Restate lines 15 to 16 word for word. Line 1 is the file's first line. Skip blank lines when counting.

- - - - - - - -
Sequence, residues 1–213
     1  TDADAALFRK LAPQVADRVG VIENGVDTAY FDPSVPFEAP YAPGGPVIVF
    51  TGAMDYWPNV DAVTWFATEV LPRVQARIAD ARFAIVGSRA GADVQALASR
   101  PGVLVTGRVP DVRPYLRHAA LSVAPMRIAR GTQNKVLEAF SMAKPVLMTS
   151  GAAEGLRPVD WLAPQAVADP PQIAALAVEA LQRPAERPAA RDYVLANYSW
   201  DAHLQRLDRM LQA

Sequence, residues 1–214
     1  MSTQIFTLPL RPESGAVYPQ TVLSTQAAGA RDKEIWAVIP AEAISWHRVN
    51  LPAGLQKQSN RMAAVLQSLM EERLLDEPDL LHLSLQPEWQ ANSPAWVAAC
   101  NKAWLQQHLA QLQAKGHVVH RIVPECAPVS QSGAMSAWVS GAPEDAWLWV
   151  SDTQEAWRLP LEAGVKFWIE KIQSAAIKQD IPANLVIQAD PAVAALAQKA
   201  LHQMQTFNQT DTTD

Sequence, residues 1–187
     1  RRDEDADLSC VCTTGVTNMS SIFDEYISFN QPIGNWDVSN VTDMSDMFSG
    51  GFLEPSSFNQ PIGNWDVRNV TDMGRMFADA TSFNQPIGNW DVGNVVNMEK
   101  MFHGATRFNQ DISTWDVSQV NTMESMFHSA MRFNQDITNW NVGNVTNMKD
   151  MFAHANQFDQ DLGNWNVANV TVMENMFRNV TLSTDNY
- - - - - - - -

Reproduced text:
    51  GFLEPSSFNQ PIGNWDVRNV TDMGRMFADA TSFNQPIGNW DVGNVVNMEK
   101  MFHGATRFNQ DISTWDVSQV NTMESMFHSA MRFNQDITNW NVGNVTNMKD